A Patrick administration official today urged federal lawmakers to approve $1 billion for a summer jobs program for teens, saying Massachusetts will use its share to fight "urban unrest'' by hiring 8,500 teens.
Joanne F. Goldstein, secretary of Labor and Workforce Development, joined her counterpart from New York State to push for US Senate passage of the measure at a press conference in Springfield today.
In a statement released by her office and a later telephone interview Goldstein said that if the $1 billion measure becomes law, Massachusetts would get $20 million to create an estimated 8,500 jobs. Without the infusion of federal cash, she said in the statement, only 916 jobs will be created.
"It is critical that we obtain the funding for the public/private partnership that will provide summer jobs for young people, especially in our cities," Goldstein said in a statement.
Goldstein added, "youth employment helps address the issues of urban unrest, allows young people to engage in productive activity and increases family income in these difficult economic times.''
According to state officials, the measure has already passed the House and is now awaiting action in the Senate.
In a statement, New York Labor Commissioner Colleen C. Gardner said rates of unemployment among teens are at "crisis levels.'' In 2009, New York State estimated the unemployment rate for those between the ages of 16 and 24 to be 17.9 percent, nearly double the national rate of 9.7 percent.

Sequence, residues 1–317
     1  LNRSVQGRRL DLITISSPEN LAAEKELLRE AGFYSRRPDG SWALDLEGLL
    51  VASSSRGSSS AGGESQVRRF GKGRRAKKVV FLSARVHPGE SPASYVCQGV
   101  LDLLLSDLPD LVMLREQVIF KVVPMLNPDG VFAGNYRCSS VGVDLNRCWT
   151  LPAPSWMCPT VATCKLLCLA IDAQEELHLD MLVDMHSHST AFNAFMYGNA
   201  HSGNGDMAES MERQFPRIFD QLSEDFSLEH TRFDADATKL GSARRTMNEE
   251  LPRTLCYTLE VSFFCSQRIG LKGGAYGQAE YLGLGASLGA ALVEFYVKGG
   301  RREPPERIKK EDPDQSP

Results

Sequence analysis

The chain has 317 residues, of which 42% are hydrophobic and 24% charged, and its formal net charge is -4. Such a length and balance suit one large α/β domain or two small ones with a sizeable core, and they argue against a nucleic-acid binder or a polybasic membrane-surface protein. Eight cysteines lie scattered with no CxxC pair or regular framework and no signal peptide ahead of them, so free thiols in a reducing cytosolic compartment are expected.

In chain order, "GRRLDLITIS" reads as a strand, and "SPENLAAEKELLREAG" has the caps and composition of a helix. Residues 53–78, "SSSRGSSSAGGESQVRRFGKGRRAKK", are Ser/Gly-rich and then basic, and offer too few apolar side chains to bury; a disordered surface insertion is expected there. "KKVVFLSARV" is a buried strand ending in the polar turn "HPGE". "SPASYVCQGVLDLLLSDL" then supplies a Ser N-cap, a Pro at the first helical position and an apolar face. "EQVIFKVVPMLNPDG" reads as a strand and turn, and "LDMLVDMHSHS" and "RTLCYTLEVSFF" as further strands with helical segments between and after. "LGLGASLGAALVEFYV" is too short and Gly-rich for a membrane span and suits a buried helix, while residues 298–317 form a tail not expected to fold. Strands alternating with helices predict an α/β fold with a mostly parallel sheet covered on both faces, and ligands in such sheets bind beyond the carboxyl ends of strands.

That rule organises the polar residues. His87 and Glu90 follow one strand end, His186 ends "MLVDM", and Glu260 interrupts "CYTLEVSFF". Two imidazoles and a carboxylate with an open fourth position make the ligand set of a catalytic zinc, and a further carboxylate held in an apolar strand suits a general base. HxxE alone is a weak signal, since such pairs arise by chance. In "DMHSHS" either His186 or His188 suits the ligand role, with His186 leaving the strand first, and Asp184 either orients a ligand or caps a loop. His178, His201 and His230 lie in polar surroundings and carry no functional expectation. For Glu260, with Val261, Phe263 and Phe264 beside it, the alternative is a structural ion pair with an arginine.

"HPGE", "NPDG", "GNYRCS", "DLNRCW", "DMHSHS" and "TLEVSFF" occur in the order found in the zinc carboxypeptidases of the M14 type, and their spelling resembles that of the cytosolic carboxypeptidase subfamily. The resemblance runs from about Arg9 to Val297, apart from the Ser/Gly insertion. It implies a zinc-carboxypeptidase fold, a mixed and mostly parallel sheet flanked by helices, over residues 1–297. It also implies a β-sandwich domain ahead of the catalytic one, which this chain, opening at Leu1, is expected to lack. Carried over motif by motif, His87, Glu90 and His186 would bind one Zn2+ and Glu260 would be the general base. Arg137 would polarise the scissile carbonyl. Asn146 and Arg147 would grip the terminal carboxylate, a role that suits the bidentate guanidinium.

“Weather is getting nice across the country, people are venturing out to public parks, pools, and beaches, and for hundreds of thousands of our nation’s youth, there is little or no hope that they’ll find a job this summer,'' the New York official said in a statement.
She added, ''unemployment among youth, especially in our urban areas, is at crisis levels, which is why the federal government needs to act immediately. I urge them to do so.”
Workforce development officials from governments of Connecticut, Pennsylvania, and Wisconsin also publicly endorsed Senate passage.
In a telephone interview, Goldstein said that a student from Springfield's Commerce High School collected letters from 45 of her fellow students where they described how important the program would be to them, and their families.
She said the students made it clear they wouldn't spend money on junk food or electronic toys for themselves.
"This is a very big deal to Massachusetts as well to mother most other states in the country because of the importance of having young people working this summer,'' Goldstein said. "We run the risk that kids are going to get into trouble when they are idle.''
In a statement, Senator John F. Kerry, a Democrat, said he supports passage of the $1 billion spending plan for summer jobs as well as other financial support for the long term unemployed.
“The road from recession to recovery runs straight through policies to strength the middle class. Two months ago I offered a common-sense amendment that would create hundreds of thousands of summer jobs for young people, including nearly 8,000 in Massachusetts,'' he said in a statement. "We can’t miss another chance to do the right thing.”
But Senator Scott Brown, a Republican, said he cannot currently support the summer jobs program because it is now enmeshed in a larger spending and tax change bill that will add to the national deficit.
"As our national debt soars past the $13 trillion mark, we need to stop the deficit spending that is putting future generations of Americans in a deep financial hole. We are borrowing against our next generation,'' Brown said in the statement.
"Washington must start offsetting the cost of worthy programs by cutting wasteful spending in other places. This requires elected leaders making hard choices, but our country's economic stability requires that we reign in our excessive spending habits and get our fiscal house in order.'' he added.
On the beat
Columnist Shirley Leung says Boston mayor-elect Martin J. Walsh should focus on middle-class housing. Read more